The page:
Having only started using power 6 weeks ago the race plan for the bike was something new to me. The plan was to ride at 70% for the first 90km and if feeling good, up to 75% for the final 90km. Apart from my heart rate monitor disconnecting itself from my watch at the start of the ride, the first 40km went according to plan. This was probably aided by the friendly tail wind all the way into Port Douglas.
At that stage, as I headed back from Port Douglas, my legs started to feel a little heavy - which had me worried given the 140km or so to ride. In hindsight it was probably just the fact that I was now riding into the wind. I had to really focus on my race plan during the next 10-15km, constantly reminding myself to avoid surges. Although with some great views along the course it wasn’t too difficult to forget about any struggles I was having. Eventually my legs got over their little tantrum, and by the time I was turning back to Port Douglas everything was on track once again.
I followed the plan for the rest of the race, as expected there was an unwelcoming headwind for the final 20km. The reward for getting that final 20km done was the ride through the crowds along the esplanade, a great feeling. After the race I realised my average power was lower than I had hoped, in some cases by upwards of 10%. Perhaps my inexperience riding to power, especially over this type of terrain had contributed to the low numbers. In any case I was delighted with my time of 5:26 on the bike. There is no way I would have been able to pull that off six months ago, but there is definitely room for improvement.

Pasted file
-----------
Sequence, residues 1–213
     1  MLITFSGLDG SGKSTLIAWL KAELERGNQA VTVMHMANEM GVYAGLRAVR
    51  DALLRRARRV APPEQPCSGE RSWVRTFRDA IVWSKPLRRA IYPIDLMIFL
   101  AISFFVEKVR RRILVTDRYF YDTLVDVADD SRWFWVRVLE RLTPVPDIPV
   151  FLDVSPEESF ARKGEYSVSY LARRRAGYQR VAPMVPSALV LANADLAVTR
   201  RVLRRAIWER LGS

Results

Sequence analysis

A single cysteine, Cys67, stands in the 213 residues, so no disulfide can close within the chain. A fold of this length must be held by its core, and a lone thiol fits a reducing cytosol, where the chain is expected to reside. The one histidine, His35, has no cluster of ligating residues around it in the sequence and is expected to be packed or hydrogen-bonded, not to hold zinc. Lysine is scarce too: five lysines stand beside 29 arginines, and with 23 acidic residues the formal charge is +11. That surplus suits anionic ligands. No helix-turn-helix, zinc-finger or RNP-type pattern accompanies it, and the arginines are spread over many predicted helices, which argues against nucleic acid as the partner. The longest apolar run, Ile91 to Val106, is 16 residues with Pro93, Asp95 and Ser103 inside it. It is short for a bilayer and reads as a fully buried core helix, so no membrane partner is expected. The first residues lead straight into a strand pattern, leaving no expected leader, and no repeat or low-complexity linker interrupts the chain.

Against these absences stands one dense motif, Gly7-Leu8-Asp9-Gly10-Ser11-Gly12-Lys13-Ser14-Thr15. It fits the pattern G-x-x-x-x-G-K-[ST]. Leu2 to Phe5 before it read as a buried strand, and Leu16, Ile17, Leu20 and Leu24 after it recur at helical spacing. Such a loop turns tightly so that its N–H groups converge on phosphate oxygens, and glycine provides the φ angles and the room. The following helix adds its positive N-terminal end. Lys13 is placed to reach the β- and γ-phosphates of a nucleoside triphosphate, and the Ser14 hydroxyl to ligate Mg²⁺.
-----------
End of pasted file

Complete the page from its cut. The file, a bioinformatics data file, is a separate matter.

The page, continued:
I once again enjoyed the novelty of the chairs and volunteers. They even put sunscreen on my neck while I changed socks – incredible! Off to the run.
My plan was to run/walk the marathon at between 4:45 and 5min/km - 14 minutes on, 1 off. The idea was to stick closer to 4:45 for the first half marathon. The first 10km went to plan, everything was feeling good and even the weather was perfect. My stomach then really started to get sick of gels and chews. On my next walk break I couldn’t stomach another chew and skipped it, thinking I was better off not feeling sick.
At the beginning of the second lap, I tried to continue with my plan and get back on the gels. My body didn’t approve, and my stomach problems got worse. Skipping my nutrition then caught up with me and I felt zapped of energy, becoming light headed with very heavy legs. At this point I decided to slow right down and see if I could recover – rather than continue and have to be sick. So, I walked until I felt I could try to run. I couldn’t get back to my planned pace, rarely dropping below 6 min/km when I was running. A few aid stations went by before I decided to try and take on different foods. Over the next few stations I had some banana, watermelon, coke, and even found a cookie. To cool down I also started using ice and pouring it down my trisuit. Eventually something started working, I was able to run for longer periods of time and the pace started increasing. For the last 10km I felt back to normal and was able to maintain between 4:50 and 5:10 min/km, although I continued to walk the aid stations.
In the end I was proud of myself for turning around what looked like a potentially long run leg. I finished with a run of 4:11, much slower than planned but much better than it was looking at one point. It goes without saying but running down the finish chute was a great feeling.